The beeping ball that launched the Space Age

Sputnik at Fifty 
By Michael Benson

Fifty years ago today, to the delight of many and the consternation of more than a few, the Soviet Union launched something like a silver volleyball with four swept-back antennas into Earth’s orbit.

That beeping sphere promptly became a symbol of that great rising wave in human technological capabilities that was cresting in the mid-20th century. (That it was in some ways also an extension of another revolution, the Great October one, was a circumstance that didn’t go unnoticed.)

Sputnik arrived well within the lifetimes of many who had witnessed the Wright brothers conduct the first heavier-than-air flight, and it triggered a massive new investment in scientific research and aerospace technologies in the United States. (Sputnik’s instant notoriety in American popular culture inspired San Francisco Chronicle writer Herb Caen to coin the term “beatnik” in an article on the Beat Generation less than a year later.)

The space race took human beings to the Moon only a decade later, when Apollo 8 circumnavigated our closest celestial companion in December 1968. Less than a year after that, the first human footprints were inscribed in lunar dust.

The Space Age proved somewhat more ephemeral, at least in the popular imagination. The last Moon landing was in 1972, after which NASA dropped its aspirations for human space flight to low Earth orbit and the Space Shuttle, a vehicle which flies a good deal lower than the Gemini missions of the mid-1960s. The final Moon landings were cancelled in part due to a decline in public interest, and in part because NASA wanted to concentrate on its reusable (and as it turned out, quite dangerous) space plane.

It was as though the Vikings, having conquered Iceland and Greenland and constructed the first European settlements in North America, then decided to keep their longboats piddling about safely within sight of Oslo harbor.

But the Vikings didn’t have robots. In fact, the explosion of technological innovation in the Space Age – and the resulting exponential expansion of our views of the universe and of our position within it – has continued in spectacular fashion.

Over the past two decades, it has produced quite a few results at least as impressive, if not quite as dramatic, as Neil Armstrong’s Moon landing in July 1969.

Robot explorers have visited every planet in the solar system save Pluto, which in any case was ignominiously downgraded from full planetary status last year and which will be visited by NASA’s low-budget New Horizons mission in 2015).

The findings of these missions include the remarkable discovery by the Galileo probe of the late ’90’s that Jupiter’s moon Europa almost certainly contains a vast ocean surfaced by a relatively thin global ice cap – something that raised the tantalizing prospect that life may have arisen underneath.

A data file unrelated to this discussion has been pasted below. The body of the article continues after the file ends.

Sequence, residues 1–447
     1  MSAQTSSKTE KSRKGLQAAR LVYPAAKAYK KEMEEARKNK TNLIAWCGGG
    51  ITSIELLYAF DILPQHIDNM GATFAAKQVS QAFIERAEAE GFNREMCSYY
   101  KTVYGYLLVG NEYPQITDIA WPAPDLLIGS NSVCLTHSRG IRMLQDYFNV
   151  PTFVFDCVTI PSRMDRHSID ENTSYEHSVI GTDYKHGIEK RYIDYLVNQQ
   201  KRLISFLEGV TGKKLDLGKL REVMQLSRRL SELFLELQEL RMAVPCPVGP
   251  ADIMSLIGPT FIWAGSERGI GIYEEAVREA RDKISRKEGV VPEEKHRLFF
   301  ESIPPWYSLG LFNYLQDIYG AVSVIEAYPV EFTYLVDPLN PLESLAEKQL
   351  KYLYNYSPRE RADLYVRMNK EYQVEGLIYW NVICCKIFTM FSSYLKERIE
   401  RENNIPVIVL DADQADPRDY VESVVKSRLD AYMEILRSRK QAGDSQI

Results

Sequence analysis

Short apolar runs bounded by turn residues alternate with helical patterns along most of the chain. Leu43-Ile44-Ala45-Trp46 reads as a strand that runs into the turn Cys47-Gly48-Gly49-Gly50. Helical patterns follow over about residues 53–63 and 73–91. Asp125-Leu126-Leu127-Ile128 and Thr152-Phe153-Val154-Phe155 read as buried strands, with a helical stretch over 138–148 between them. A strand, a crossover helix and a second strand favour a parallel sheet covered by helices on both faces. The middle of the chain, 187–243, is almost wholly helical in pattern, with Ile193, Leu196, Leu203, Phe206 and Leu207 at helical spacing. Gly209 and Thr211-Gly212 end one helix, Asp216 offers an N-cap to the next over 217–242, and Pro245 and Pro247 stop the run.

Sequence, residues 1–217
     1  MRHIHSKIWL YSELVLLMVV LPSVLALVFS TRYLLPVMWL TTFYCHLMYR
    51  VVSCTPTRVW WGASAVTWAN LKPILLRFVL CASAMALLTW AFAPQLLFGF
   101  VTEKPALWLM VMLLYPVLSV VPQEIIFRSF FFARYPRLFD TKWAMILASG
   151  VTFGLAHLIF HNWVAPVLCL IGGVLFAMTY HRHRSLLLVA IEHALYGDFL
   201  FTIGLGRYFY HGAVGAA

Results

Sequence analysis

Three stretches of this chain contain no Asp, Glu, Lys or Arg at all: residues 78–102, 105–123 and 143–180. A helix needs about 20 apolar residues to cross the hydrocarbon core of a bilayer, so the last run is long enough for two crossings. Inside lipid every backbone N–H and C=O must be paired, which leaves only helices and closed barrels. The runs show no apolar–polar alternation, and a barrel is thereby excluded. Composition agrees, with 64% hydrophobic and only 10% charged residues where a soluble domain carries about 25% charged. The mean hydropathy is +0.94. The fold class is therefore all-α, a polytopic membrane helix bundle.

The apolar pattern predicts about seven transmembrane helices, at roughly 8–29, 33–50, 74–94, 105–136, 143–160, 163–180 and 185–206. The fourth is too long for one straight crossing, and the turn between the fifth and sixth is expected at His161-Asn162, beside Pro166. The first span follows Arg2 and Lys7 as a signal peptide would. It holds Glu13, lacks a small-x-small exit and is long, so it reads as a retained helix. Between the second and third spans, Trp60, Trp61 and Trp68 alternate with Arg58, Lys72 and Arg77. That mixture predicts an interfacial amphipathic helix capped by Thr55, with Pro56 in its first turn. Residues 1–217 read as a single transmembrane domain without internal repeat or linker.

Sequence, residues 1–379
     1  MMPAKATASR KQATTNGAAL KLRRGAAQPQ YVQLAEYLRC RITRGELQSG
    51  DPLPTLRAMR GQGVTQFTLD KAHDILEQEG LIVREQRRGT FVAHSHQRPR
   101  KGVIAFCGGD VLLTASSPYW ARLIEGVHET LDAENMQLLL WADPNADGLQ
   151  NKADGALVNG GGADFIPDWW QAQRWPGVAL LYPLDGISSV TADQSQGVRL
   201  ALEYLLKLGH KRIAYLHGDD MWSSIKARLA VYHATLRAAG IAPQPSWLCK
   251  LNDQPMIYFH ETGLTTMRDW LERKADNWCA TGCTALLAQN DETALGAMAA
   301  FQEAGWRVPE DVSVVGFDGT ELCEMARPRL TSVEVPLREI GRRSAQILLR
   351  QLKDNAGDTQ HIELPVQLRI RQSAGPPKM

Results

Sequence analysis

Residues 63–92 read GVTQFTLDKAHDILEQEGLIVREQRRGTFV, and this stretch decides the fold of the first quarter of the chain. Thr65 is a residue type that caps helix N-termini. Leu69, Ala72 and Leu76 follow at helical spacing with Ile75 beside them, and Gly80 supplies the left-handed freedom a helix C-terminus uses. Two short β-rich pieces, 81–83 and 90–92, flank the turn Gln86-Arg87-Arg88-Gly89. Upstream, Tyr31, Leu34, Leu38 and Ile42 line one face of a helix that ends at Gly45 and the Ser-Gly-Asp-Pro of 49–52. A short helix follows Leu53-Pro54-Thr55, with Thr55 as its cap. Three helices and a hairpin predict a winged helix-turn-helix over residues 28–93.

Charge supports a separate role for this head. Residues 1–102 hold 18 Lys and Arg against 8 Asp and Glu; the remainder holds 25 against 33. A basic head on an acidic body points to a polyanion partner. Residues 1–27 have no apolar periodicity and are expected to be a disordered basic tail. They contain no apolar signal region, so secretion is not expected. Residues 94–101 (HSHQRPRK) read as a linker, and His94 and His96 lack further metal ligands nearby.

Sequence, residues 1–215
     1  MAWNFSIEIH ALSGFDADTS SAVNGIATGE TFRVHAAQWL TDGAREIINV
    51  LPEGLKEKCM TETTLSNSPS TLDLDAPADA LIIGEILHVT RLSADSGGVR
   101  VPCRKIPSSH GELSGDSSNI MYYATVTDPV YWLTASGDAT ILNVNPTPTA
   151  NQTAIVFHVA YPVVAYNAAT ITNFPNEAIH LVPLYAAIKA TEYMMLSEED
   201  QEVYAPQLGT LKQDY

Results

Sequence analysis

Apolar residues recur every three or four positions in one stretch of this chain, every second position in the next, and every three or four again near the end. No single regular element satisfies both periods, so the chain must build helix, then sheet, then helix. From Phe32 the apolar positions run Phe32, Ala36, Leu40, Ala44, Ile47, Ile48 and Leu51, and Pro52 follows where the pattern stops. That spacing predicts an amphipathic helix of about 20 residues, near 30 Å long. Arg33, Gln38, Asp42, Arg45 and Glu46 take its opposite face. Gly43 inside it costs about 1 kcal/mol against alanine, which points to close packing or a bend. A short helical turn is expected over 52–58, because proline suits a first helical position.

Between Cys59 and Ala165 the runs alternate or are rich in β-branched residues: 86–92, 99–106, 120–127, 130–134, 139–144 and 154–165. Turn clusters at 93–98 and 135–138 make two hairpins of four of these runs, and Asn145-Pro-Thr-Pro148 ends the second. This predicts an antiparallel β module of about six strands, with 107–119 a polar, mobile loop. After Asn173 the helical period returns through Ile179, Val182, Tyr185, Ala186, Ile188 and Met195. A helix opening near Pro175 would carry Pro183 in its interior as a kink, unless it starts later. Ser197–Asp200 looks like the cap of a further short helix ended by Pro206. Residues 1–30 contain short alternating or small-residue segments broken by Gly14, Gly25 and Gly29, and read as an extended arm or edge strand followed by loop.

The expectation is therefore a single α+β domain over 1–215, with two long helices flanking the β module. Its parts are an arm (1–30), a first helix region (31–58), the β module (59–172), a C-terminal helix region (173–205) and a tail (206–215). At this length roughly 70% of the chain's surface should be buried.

They also include recent radar observations by the Cassini mission to Saturn that indicate that the smoggy Saturnian moon Titan contains large polar lakes filled with something akin to lighter fluid, as well as observations by the Earth-orbiting Hubble Space Telescope of incipient solar systems within the Orion Nebula. The latter “proplyds,” each a disc of dust with a glowing coal at its center, call to mind a solar system “without form and void,” as the Book of Genesis has it, waiting to form into planets.

Add to this that fact that for more than three years now, NASA’s two remarkable solar-powered Mars Rovers continue to grind through sand storms and Red Planet winters, and one might be excused for thinking that deep space exploration is in excellent shape on Sputnik’s 50th anniversary.

Unfortunately, a less reassuring story is unfolding behind the scenes. NASA’s robotic deep-space missions, which have produced the major scientific discoveries of the space program, inevitably take many years of planning to get off the ground.

Yet in recent years funding for such flights has been cut back radically – by 25 percent, or $3 billion over the current five year period.

The reason NASA gives for this is that it has been mandated to return humans to the Moon, a far more expensive undertaking, and is currently developing a new generation of technologies designed to do that and then (at least, conceivably) take them onwards to Mars.

Inevitably, something had to give, and that something was robotic spaceflight. While a good case can be made for sending astronauts back on missions of exploration, this doesn’t have to involve gutting the agency’s science programs.

If the five decades that have elapsed since Sputnik’s first orbit tells us anything, it’s that the remarkable descendants of that silver sphere have been worthy emissaries of human curiosity – not to mention cost-effective harvesters of knowledge about our place in the universe.


Michael Benson, a writer and documentary filmmaker, is the author of “Beyond: Visions of the Interplanetary Probes.”

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